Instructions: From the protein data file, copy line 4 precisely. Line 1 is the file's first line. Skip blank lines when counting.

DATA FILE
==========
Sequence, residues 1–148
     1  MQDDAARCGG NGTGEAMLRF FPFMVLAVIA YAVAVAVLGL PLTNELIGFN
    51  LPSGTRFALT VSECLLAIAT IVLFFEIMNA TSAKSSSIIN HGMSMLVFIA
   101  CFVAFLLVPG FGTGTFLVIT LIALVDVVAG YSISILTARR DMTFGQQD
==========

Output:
   101  CFVAFLLVPG FGTGTFLVIT LIALVDVVAG YSISILTARR DMTFGQQD